Rhiannon Giddens
Carolina Theatre, Durham
Thursday, April 2, 2015

Rhiannon Giddens seems to have her sights set on superstardom. From the big instrumental arrangements and flashy light rigs to the longing gazes toward the back of the sold-out Carolina Theatre last week, the singer’s desire for something bigger lingered in the air.

On her debut solo record, Tomorrow is My Turn, the Carolina Chocolate Drop tries to establish herself as a talented, versatile solo powerhouse—and, above all, a singer. Though she’s a solid fiddle and banjo player, she only picked up those instruments a few times during the performance. The front half of the set pulled almost exclusively from her new record—“Shake Sugaree,” “Waterboy,” “O Love is Teasin’” and so on. Everything sounded fine, nice and very well-rehearsed.

After performing “Black is the Color,” Giddens dug at my less-than-glowing review of her record, especially a line where I compared her interpretation of the tune to Sesame Street bumper music. I was hoping that, live, the song may sound a little less goofy, but no such luck. At least she kicked off her high-heel shoes afterward, a move that seemed to give the rest of the show a newfound looseness and energy.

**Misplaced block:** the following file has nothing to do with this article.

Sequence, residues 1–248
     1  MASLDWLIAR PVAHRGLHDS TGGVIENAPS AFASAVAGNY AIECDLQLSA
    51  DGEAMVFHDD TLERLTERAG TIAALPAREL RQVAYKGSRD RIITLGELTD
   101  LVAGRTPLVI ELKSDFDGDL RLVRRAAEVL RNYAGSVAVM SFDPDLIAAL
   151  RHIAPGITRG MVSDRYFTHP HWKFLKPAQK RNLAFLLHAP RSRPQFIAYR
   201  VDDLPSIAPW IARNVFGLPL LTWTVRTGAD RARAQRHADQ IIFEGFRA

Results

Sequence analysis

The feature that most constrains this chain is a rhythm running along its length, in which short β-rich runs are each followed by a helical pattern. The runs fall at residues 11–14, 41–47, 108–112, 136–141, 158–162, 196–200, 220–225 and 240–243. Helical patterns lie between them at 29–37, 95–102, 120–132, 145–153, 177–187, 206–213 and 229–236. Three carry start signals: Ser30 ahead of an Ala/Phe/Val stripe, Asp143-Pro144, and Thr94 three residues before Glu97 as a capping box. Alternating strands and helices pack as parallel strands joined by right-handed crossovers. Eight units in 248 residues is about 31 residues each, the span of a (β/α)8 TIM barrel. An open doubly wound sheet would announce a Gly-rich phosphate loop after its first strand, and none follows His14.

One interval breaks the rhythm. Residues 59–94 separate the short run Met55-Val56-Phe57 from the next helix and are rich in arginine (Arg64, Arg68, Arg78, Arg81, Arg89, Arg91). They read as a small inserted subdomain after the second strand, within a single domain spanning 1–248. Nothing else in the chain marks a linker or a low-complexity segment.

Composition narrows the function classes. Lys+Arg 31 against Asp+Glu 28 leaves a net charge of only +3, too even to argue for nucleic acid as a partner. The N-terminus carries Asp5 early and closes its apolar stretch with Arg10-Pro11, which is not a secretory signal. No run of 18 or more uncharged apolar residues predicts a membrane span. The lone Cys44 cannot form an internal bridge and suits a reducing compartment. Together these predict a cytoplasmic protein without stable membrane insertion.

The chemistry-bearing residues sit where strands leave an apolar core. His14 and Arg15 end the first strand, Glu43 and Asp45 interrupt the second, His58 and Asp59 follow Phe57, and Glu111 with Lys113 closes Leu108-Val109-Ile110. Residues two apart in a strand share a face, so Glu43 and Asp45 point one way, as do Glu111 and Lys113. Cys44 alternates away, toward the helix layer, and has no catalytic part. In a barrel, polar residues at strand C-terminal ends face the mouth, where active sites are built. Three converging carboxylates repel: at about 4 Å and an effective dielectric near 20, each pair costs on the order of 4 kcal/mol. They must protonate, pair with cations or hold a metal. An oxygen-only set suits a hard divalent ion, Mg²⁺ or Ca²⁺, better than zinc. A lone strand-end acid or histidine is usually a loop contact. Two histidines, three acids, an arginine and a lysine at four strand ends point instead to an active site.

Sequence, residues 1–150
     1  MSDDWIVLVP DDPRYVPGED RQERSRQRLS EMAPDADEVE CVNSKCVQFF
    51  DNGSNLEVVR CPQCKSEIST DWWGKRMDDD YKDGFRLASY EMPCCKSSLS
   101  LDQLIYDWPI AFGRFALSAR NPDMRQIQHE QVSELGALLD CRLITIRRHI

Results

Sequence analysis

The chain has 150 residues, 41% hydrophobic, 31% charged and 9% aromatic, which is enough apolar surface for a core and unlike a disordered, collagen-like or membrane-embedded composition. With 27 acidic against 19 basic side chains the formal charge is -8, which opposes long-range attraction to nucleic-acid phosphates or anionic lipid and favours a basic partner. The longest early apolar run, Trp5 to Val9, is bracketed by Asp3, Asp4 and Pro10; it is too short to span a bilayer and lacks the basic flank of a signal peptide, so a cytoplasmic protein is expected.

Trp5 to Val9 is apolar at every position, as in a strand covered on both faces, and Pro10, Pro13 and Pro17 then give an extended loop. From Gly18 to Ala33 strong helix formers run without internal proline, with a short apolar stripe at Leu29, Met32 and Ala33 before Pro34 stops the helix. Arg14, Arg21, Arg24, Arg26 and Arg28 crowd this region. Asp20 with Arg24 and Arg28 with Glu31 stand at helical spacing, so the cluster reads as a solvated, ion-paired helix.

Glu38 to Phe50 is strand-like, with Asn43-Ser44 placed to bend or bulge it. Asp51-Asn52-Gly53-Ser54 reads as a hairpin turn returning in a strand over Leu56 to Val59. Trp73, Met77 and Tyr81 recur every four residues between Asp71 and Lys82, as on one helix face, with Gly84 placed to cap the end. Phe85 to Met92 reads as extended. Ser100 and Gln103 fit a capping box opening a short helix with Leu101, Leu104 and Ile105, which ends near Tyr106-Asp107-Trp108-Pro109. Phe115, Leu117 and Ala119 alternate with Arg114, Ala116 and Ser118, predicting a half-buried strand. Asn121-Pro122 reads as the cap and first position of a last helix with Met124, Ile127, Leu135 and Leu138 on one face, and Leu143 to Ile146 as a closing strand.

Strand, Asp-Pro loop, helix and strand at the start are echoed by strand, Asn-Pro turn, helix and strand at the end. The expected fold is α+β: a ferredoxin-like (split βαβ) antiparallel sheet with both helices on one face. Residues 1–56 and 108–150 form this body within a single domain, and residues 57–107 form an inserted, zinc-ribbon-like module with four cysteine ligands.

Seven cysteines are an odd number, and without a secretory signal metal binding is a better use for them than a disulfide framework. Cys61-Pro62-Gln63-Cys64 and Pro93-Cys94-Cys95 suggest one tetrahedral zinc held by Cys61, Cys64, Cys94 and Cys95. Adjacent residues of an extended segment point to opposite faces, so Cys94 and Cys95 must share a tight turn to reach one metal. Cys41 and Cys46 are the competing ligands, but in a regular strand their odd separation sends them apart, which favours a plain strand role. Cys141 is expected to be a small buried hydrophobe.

When Giddens launched into “Ruby Are You Mad at Your Man?” from the Drops’ Leaving Eden, she provided scorching contrast to the more polite and polished tunes from the night’s first half. Hubby Jenkins led a rousing rendition of Blind Willie Johnson’s “Can’t Nobody Hide From God.” Backing vocals from Giddens’ sister and Greensboro singer-songwriter Lalenja Harrington helped transform it into a stomping number that almost made me wish I went to church.

Giddens let the stage so that Jenkins could lead “Buck Creek Girls” before she returned for the powerful “Tomorrow is My Turn,” one of the bright spots on the record that shares the name. She flexed her vocal might again with a Scotch-Gaelic medley. The clarity, strength and speed with which she delivers this incredibly complex number is impressive, and it highlighted the current conundrum of her career: It feels like a waste for Giddens to settle into the over-produced, adult-contemporary tunes of Tomorrow is My Turn when she’s capable of so much more.